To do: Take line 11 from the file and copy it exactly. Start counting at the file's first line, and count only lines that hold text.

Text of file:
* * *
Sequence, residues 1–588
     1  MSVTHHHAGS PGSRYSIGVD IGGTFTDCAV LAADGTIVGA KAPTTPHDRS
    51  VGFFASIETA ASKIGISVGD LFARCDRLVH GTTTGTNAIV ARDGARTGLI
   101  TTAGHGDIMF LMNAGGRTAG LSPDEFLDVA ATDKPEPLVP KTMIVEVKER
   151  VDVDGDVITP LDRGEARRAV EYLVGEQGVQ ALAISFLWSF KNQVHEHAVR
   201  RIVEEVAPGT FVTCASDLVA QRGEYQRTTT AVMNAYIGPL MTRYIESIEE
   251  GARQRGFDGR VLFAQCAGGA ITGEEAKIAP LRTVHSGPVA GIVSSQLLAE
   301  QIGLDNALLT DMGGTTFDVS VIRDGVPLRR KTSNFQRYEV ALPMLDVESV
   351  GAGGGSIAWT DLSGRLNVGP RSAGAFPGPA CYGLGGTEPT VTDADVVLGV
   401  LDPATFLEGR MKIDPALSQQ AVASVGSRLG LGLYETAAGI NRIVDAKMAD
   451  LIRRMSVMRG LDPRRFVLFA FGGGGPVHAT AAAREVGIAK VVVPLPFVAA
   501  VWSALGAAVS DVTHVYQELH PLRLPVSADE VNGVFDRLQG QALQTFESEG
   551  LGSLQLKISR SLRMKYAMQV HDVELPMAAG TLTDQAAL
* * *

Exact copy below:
   451  LIRRMSVMRG LDPRRFVLFA FGGGGPVHAT AAAREVGIAK VVVPLPFVAA